On the other hand, VAT payable by 7Road is in effect at 3% of the applicable revenues from the sale of software, irrespective of the availability of any input VAT, under preferential VAT treatment provided to 7Road by the local tax bureau. In this regard, we believe the VAT payable by 7Road is more akin to a sales tax than typical VAT. As a result, we adopted the net presentation method for our brand advertising and search businesses both before and after the implementation of the pilot program, and for the revenues of 7Road deemed to be derived from the sale of software, we adopted the gross presentation method before and after the implementation of the pilot program.

The implementation of the pilot program has not had a significant impact on our consolidated statements of comprehensive income for the three and nine months ended September 30, 2012.

Noncontrolling Interest Noncontrolling interest is the portion of economic interest in Sohu's majority-owned subsidiaries and VIEs which is not attributable, directly or indirectly, to Sohu. Currently, the noncontrolling interest in our consolidated financial statements mainly consists of noncontrolling interest for Changyou and Sogou.

Noncontrolling Interest for Changyou To reflect the economic interest in Changyou held by shareholders other than Sohu ("noncontrolling shareholders"), Changyou's net income attributable to these noncontrolling shareholders is recorded as noncontrolling interest in Sohu's consolidated statements of comprehensive income, based on their share of the economic interests in Changyou. Changyou's cumulative results of operations attributable to these noncontrolling shareholders, along with changes in shareholders' equity, adjustment for share-based compensation expense in relation to those share-based awards which are unvested and vested but not yet settled and adjustment for changes in Sohu's ownership in Changyou from Sohu's purchase of Changyou ADSs representing Class A ordinary shares, are recorded as noncontrolling interest in Sohu's consolidated balance sheets.

Noncontrolling Interest for Sogou To reflect the economic interest in Sogou held by shareholders other than Sohu ("noncontrolling shareholders"), Sogou's net income /loss attributable to these noncontrolling shareholders is recorded as noncontrolling interest in Sohu's consolidated statements of comprehensive income. Sogou's cumulative results of operations attributable to these noncontrolling shareholders, along with changes in shareholders' equity /(deficit) and adjustment for share-based compensation expense in relation to those share-based awards which are unvested and vested but not yet settled and noncontrolling shareholders' investments in Series A Preferred Shares are accounted for as a noncontrolling interest classified as permanent equity in Sohu's consolidated balance sheets, as redemption of the noncontrolling interest is solely within the control of Sohu. These treatments are based on the terms governing investment by the noncontrolling shareholders in the Series A Preferred Shares of Sogou (the "Sogou Series A Terms"), the terms of Sogou's restructuring, and Sohu's purchase of Sogou Series A Preferred Shares from Alibaba.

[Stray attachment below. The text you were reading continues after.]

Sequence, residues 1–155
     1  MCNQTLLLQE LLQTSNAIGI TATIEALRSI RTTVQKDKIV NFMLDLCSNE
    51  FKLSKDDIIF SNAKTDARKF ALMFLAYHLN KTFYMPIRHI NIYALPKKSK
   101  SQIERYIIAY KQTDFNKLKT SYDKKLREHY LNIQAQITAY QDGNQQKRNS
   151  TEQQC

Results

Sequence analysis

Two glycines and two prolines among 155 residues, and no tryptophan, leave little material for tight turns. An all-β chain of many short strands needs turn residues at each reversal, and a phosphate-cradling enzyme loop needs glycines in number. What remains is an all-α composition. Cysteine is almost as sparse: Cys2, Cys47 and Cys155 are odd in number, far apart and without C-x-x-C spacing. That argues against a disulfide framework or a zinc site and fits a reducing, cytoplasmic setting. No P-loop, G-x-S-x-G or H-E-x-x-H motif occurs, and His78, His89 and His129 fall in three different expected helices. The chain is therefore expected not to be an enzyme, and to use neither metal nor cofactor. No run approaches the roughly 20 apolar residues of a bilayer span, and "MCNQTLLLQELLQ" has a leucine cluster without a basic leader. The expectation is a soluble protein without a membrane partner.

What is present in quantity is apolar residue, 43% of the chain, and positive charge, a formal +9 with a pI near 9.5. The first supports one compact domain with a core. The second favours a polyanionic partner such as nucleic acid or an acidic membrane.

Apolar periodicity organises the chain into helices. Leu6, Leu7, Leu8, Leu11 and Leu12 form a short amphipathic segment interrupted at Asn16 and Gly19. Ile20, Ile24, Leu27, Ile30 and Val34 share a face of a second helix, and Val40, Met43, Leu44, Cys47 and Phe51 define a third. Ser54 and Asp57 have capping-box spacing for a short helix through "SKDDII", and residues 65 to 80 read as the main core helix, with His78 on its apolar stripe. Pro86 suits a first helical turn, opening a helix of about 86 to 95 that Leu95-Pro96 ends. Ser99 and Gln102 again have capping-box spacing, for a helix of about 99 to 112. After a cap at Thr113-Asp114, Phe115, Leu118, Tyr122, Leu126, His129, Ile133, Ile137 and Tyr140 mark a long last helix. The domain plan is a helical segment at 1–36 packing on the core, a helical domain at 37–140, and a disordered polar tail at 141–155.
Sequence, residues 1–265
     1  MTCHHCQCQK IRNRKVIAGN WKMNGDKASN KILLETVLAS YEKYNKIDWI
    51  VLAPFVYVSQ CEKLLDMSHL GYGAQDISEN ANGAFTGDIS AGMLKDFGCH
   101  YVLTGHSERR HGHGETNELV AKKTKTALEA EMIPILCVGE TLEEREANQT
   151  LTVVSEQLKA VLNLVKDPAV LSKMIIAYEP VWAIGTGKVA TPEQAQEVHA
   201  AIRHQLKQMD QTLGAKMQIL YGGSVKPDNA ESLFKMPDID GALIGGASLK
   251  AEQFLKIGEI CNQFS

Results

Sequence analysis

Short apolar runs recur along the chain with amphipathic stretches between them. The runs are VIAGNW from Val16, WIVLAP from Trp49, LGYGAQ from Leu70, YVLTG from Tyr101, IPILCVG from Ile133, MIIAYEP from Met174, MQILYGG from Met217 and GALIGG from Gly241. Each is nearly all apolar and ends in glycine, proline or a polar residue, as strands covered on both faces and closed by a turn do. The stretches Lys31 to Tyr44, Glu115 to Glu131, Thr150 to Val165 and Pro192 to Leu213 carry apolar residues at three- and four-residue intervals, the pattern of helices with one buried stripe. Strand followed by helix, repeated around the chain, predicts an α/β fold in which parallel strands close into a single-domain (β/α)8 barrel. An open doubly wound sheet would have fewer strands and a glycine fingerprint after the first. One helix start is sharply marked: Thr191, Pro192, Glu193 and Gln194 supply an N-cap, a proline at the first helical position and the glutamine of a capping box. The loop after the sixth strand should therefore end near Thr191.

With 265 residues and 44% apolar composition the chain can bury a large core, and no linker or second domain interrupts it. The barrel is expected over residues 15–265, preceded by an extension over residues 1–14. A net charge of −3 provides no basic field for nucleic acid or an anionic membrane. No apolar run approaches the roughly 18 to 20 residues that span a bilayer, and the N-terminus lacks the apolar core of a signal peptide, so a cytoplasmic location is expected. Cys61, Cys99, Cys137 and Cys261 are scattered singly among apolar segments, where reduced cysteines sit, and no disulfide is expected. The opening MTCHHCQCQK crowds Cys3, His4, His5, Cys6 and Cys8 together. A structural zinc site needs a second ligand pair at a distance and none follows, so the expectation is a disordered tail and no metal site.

By virtue of these terms, as Sogou has been losing money after its restructuring, the net losses have been and will be allocated in the following order: (i) net losses were allocated to ordinary shareholders until their basis in Sogou decreased to zero; (ii) additional net losses will be allocated to holders of Sogou Series A Preferred Shares until their basis in Sogou decreases to zero; and (iii) further net losses will be allocated between ordinary shareholders and holders of Sogou Series A Preferred Shares based on their shareholding percentage in Sogou.

-52- -------------------------------------------------------------------------------- Table of Contents Any subsequent net income from Sogou will be allocated in the following order: (i) net income will be allocated between ordinary shareholders and holders of Sogou Series A Preferred Shares based on their shareholding percentage in Sogou until their basis in Sogou increases to zero; (ii) additional net income will be allocated to holders of Sogou Series A Preferred Shares to bring their basis back; (iii) further net income will be allocated to ordinary shareholders to bring their basis back; and (iv) further net income will be allocated between ordinary shareholders and holders of Sogou Series A Preferred Shares based on their shareholding percentage in Sogou.

Net Income per Share Basic net income per share is computed using the weighted average number of common shares outstanding during the period. Diluted net income per share is computed using the weighted average number of common shares and, if dilutive, potential common shares outstanding during the period. Potential common shares comprise shares issuable upon the exercise or settlement of share-based awards using the treasury stock method. The dilutive effect of share-based awards with performance requirements is not considered before the performance targets are actually met. The computation of diluted net income per share does not assume conversion, exercise, or contingent issuance of securities that would have an anti-dilutive effect (i.e., an increase in earnings per share amounts or a decrease in loss per share amounts) on net income per share. Additionally, for purposes of calculating the numerator of diluted net income per share, the net income attributable to Sohu is adjusted as follows: (1) Changyou's net income attributable to Sohu is determined using the percentage that the weighted average number of Changyou shares held by Sohu represents of the weighted average number of Changyou ordinary shares and shares issuable upon the exercise or settlement of share-based awards under the treasury stock method, instead of by the percentage held by Sohu of the total economic interest in Changyou, which is used for the calculation of basic net income per share.